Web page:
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The GDS Way and its content is intended for internal use by the GDS community.

How to manage alerts

Your service should have a system in place to send automated alerts if its monitoring system(s) detects a problem. Sending alerts help services meet service level agreements (SLAs), and provide awareness of suspicious activity to enable incident response.

Sending alerts

Your service should send an alert when your service monitoring detects an issue that:

  • affects service users
  • requires action to fix
  • lasts for a sustained period of time
  • indicates compromise or suspicious activity (such as multiple failed login attempts or unrecognised escalation of privilege)

You should only send an alert for things that need action. Alert text should be specific and include actionable information. You should not include sensitive material.

Create alerts based on events affecting users, such as slow service requests or unavailable webpages. You should also track events like disks being full or almost full, or databases being down. These are both events that can lead to more serious alerts that do affect users.

You must set up your alerts to distinguish between when something is wrong for a sustained period of time, and when it’s a brief issue caused by temporary network conditions. Prometheus supports this by using the for parameter in its alerting rule, which indicates the condition has to be true for a set period of time before it triggers an alert.

When you should not send an alert

You do not need to send an alert if no action is needed. For example, an alert showing a system’s status is really a monitoring tool and you should use a dashboard to display this information instead. The GDS Way has more guidance on how to monitor your service.

Specific examples of issues that should not trigger an alert include:

  • an individual container instance dying
  • a single task invocation failing

This is because the systems running the architecture like Amazon Elastic Container Service (Amazon ECS) or Kubernetes will bring the instance back up, and the task will retry.

Situations where there’s a long period of fewer than expected instances or repeated task failures should trigger alerts, as they show underlying problems.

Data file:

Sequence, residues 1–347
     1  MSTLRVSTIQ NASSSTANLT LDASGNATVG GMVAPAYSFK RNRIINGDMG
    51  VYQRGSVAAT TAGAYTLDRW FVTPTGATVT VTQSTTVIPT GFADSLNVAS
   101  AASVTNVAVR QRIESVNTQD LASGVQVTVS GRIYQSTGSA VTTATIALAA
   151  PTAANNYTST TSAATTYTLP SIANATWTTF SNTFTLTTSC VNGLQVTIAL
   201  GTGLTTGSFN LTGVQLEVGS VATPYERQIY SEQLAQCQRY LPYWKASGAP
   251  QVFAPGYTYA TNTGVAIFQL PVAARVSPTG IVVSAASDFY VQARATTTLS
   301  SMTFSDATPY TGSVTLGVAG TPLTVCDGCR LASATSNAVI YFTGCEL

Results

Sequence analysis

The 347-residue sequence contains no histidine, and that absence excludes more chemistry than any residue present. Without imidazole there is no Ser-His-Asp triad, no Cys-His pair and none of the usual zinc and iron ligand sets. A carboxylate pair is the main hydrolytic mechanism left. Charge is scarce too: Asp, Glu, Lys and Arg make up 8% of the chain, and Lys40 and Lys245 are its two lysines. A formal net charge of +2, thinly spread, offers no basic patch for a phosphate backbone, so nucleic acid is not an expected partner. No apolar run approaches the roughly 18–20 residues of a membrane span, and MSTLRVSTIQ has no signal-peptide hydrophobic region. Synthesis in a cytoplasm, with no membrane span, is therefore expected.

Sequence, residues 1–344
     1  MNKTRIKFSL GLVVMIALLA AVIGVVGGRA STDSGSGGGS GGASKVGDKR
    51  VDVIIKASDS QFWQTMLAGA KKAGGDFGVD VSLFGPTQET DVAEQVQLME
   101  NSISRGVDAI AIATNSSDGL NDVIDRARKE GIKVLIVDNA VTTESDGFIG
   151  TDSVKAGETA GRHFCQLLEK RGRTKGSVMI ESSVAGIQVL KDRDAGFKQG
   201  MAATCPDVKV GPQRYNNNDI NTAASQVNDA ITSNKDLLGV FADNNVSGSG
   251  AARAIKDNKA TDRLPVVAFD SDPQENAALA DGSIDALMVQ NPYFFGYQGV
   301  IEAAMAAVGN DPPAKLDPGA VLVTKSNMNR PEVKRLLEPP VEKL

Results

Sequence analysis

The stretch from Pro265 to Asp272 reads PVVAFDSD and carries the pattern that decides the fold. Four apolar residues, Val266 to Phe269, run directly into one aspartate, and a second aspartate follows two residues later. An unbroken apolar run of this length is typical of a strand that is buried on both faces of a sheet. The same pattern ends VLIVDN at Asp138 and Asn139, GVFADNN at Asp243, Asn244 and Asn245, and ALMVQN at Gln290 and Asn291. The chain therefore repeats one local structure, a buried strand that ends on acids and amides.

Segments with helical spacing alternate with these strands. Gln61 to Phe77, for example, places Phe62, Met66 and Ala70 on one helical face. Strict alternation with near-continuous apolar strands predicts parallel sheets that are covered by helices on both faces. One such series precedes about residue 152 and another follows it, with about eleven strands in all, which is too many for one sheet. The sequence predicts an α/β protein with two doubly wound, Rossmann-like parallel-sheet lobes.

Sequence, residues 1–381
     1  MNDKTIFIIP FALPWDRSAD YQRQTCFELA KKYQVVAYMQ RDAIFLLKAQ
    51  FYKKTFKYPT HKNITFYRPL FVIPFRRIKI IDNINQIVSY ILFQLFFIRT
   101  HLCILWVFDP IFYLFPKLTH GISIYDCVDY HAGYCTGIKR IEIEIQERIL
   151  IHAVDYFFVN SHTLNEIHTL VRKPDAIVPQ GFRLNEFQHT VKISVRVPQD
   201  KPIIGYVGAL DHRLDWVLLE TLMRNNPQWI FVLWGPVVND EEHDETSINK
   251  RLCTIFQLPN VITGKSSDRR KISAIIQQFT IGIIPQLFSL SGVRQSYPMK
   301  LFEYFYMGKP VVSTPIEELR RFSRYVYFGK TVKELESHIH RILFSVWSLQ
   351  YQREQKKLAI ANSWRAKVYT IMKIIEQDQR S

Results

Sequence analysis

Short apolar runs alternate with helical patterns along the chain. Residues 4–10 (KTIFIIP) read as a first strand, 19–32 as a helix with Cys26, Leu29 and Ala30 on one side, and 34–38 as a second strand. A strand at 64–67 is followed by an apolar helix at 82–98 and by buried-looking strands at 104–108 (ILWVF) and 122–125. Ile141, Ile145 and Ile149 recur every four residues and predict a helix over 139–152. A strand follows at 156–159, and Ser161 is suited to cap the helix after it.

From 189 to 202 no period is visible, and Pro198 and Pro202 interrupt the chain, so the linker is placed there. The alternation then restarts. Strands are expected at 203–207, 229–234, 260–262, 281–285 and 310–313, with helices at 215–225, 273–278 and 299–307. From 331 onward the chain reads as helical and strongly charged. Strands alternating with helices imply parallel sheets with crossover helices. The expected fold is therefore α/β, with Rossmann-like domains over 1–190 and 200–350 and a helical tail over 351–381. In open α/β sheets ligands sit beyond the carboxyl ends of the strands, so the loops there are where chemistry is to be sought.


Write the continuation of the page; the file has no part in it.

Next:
Prioritising alerts

You must prioritise alerts based on whether they need an immediate fix. It can help to class issues as:

  • interrupting - need immediate investigation and resolution
  • non-interrupting - do not need immediate resolution
  • security-related - may indicate compromise of the system

The Google Site Reliability Engineering (SRE) handbook classifies “interrupting” issues as “pages”, and “non-interrupting” issues as “tickets”. Put non-interrupting alerts into a ticket queue for your support team to solve. Keep the ticket queue and team backlog separate to avoid confusion. You should specify an SLA for how long both types of alert take to resolve.

You should manage alerts using a dedicated tool which will allow you to:

  • manage alerts in a queue
  • triage alerts for review
  • attach statuses to alerts, for example, in progress or resolved
  • gather data about alerts to help improve processes

Recommended tools are:

  • PagerDuty to send high-priority / interrupting alerts
  • Zendesk to manage non-interrupting alerts as tickets
  • Splunk to manage security-related alerts

You can also configure these tools to send alert notifications using email or Slack. However, you should only use email and Slack as additions to your primary alerting tool. If alerts only go to email or Slack, people may ignore, overlook, filter them out, or treat them like spam.

We recommend using dashboards and information radiators, also known as Big Visible Charts (BVC), like Smashing or BlinkenJS in combination with alert management tools.

Further reading

For more information refer to the:

This page was last reviewed on 27 June 2024. It needs to be reviewed again on 27 December 2024 by the page owner #gds-way .
This page was set to be reviewed before 27 December 2024 by the page owner #gds-way. This might mean the content is out of date.